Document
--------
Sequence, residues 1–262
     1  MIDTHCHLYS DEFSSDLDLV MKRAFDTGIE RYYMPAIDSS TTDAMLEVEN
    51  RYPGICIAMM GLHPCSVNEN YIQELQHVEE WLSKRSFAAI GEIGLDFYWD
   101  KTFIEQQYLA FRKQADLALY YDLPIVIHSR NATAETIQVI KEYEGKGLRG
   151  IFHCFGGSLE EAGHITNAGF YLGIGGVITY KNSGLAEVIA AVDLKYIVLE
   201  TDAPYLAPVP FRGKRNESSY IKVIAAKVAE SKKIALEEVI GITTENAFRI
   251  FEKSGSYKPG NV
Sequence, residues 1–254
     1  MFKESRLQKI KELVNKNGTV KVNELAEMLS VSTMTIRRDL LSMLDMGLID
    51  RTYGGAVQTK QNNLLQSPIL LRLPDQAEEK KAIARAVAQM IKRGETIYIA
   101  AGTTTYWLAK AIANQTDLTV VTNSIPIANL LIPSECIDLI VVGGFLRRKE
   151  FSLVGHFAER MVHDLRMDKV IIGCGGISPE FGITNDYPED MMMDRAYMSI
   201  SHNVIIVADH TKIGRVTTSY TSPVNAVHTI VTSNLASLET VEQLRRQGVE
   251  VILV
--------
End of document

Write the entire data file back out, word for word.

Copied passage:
Sequence, residues 1–262
     1  MIDTHCHLYS DEFSSDLDLV MKRAFDTGIE RYYMPAIDSS TTDAMLEVEN
    51  RYPGICIAMM GLHPCSVNEN YIQELQHVEE WLSKRSFAAI GEIGLDFYWD
   101  KTFIEQQYLA FRKQADLALY YDLPIVIHSR NATAETIQVI KEYEGKGLRG
   151  IFHCFGGSLE EAGHITNAGF YLGIGGVITY KNSGLAEVIA AVDLKYIVLE
   201  TDAPYLAPVP FRGKRNESSY IKVIAAKVAE SKKIALEEVI GITTENAFRI
   251  FEKSGSYKPG NV
Sequence, residues 1–254
     1  MFKESRLQKI KELVNKNGTV KVNELAEMLS VSTMTIRRDL LSMLDMGLID
    51  RTYGGAVQTK QNNLLQSPIL LRLPDQAEEK KAIARAVAQM IKRGETIYIA
   101  AGTTTYWLAK AIANQTDLTV VTNSIPIANL LIPSECIDLI VVGGFLRRKE
   151  FSLVGHFAER MVHDLRMDKV IIGCGGISPE FGITNDYPED MMMDRAYMSI
   201  SHNVIIVADH TKIGRVTTSY TSPVNAVHTI VTSNLASLET VEQLRRQGVE
   251  VILV